Mrs. Woolf and Jane Austen

      If by standing apart from her age means she is not involved in the material manifestations of her age, the problem of industry, politics and such vital concerns like fascism, the statement is correct. It is a very short indictment of the contemporary society and by this criterion Jane Austen also becomes the victim of this charge, standing apart from her age. Austen wrote of the very small incidents and relations between people which she understood and which attracted her. Virginia Woolf also did the same but she wrote about extraordinary rather than dealing with ordinary people. The character of her novels are the specimen of the people of their age. Indeed there is no denying the fact when the age has no solid norms, the extra-ordinary becomes normal.

Does Mrs. Woolf Stand Apart from Her Age?

      We don’t consent to regard Mrs. Woolf stood apart from her age because she has not neglected the fundamental values of literature that it should be spiritually significant to the contemporary people and age. If she had not followed the law of literature, no elite would have been taken interest in her works. Here David Daiches’ remark is worthy to notice. He says “The theme of time, death and personality that run through Mrs. Dalloway as many of Virginia Woolf’s novels are not in themselves unreal or insignificant; but when a twentieth-century novelist tries to present these themes through a picture, however, refined of post-war London society, they may become insignificant or unreal. True, a work of art once accomplished stands on its own legs, and is not good in one century and bad in another, but that does not mean that the artist is free to ignore the intellectual climate of his time in creating a work. You can bring your world into your study and deal with it in complete abstraction or you can go out to meet it and surrender freedom to substance. There are unfortunate extremes in both procedures, but latter is the safer way—one wonders if Mrs. Woolf’s conception of the novel in terms of poetry is not an excuse for remaining in her study.” “The lyrical mood has many disguises, but its basis, like that of the metaphysical mood, is egotism.” David Daiches further says, “egotism can be a virtue in art but it depends on the author’s right to speak for others.”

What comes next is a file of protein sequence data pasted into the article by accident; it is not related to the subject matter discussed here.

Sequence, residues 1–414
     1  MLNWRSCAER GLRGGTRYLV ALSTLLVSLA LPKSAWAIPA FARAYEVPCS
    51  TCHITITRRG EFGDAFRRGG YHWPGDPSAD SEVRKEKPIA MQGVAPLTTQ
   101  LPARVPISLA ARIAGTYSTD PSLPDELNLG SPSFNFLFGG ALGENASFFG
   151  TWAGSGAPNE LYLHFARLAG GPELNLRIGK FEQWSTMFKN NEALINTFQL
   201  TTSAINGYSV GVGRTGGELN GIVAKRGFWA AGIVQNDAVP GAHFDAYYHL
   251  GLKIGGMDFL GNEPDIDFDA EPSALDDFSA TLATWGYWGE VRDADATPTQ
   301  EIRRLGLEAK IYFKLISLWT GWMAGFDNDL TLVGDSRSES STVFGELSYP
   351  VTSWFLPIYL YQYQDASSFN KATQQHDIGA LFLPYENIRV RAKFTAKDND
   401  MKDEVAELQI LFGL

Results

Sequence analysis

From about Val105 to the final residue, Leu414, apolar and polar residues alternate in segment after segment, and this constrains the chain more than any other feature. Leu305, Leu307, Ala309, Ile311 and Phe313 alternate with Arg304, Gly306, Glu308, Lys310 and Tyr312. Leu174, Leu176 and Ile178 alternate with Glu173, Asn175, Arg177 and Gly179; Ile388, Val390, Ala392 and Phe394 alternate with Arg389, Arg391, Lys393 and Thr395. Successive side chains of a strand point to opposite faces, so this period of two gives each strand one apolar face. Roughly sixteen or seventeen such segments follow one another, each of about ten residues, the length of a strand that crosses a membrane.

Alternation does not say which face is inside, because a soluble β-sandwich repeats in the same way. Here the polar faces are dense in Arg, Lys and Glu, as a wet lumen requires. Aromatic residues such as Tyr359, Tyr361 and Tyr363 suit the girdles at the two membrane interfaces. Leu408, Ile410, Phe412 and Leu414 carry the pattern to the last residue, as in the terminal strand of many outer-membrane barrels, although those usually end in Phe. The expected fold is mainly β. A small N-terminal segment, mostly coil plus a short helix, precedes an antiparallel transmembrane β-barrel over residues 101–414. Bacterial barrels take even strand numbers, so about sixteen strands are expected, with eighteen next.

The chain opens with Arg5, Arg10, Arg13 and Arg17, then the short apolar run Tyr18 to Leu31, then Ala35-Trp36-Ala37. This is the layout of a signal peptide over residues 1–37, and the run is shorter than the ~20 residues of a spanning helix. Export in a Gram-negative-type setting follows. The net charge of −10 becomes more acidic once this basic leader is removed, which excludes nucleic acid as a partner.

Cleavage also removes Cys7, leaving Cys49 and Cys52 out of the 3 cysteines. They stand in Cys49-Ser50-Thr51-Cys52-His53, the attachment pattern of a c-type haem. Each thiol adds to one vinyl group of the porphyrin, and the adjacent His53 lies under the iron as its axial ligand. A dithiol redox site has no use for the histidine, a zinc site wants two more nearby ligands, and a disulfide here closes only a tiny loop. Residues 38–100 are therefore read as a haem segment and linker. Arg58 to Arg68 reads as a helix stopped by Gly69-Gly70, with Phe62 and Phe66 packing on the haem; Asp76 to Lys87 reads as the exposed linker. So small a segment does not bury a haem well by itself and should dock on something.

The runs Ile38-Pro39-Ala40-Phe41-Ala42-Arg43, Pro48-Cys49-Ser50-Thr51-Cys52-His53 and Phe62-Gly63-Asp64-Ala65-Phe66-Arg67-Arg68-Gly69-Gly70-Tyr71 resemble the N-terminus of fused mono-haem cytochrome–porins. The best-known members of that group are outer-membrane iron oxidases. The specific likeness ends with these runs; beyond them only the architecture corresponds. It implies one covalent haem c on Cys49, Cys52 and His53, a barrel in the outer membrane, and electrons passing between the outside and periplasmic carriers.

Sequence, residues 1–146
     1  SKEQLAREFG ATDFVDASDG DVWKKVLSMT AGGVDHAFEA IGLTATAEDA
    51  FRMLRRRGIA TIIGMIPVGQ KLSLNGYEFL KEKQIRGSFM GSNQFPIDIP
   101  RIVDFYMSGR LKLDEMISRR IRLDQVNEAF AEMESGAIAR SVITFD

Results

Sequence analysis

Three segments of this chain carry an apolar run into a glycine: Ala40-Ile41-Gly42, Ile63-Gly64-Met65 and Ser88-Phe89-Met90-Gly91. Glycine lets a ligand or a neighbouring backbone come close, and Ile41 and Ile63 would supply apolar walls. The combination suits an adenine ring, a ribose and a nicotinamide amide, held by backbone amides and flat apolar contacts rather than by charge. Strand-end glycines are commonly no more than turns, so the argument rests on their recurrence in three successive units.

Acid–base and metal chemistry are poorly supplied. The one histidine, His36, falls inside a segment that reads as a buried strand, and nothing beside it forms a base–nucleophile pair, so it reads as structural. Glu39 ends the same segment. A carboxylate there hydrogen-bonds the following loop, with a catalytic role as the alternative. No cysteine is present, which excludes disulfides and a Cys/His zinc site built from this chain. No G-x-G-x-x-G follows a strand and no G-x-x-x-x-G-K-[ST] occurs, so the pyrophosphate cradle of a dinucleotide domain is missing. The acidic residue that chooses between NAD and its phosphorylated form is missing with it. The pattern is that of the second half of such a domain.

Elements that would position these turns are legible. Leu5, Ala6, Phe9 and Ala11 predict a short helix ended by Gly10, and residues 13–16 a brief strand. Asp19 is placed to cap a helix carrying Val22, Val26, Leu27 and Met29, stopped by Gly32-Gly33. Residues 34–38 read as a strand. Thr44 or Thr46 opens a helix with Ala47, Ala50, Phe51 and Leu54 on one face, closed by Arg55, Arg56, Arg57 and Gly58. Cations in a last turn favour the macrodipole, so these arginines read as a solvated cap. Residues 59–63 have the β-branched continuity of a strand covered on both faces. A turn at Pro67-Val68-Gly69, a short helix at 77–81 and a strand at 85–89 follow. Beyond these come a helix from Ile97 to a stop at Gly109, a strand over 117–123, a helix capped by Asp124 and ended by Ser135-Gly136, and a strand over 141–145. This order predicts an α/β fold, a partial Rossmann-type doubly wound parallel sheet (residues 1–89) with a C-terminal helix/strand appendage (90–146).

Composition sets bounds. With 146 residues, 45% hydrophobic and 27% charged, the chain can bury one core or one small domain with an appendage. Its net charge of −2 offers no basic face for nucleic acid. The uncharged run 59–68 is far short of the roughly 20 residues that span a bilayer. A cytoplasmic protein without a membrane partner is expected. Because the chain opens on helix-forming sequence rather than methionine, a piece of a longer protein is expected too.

The Egotism of Mrs. Woolf

      David Daiches is right as he points out some of the flaws of Mrs. Woolf’s art—her highly distinctive and individual angle of approach, the very exceptional and peculiar atmosphere in which she sees her vision of life. But here R.L. Chambers remark defends Woolf because he says this vision was conferred to her in a highly individual age when egotism was the token of all original art in a higher degree in comparison to any other period in Western European culture.


      There is no doubt that Mrs. Virginia Woolf has egotism and she writes in a very distinctive manner but everybody understands it because it was a very peculiar and most impressive and effective means to communicate the reader.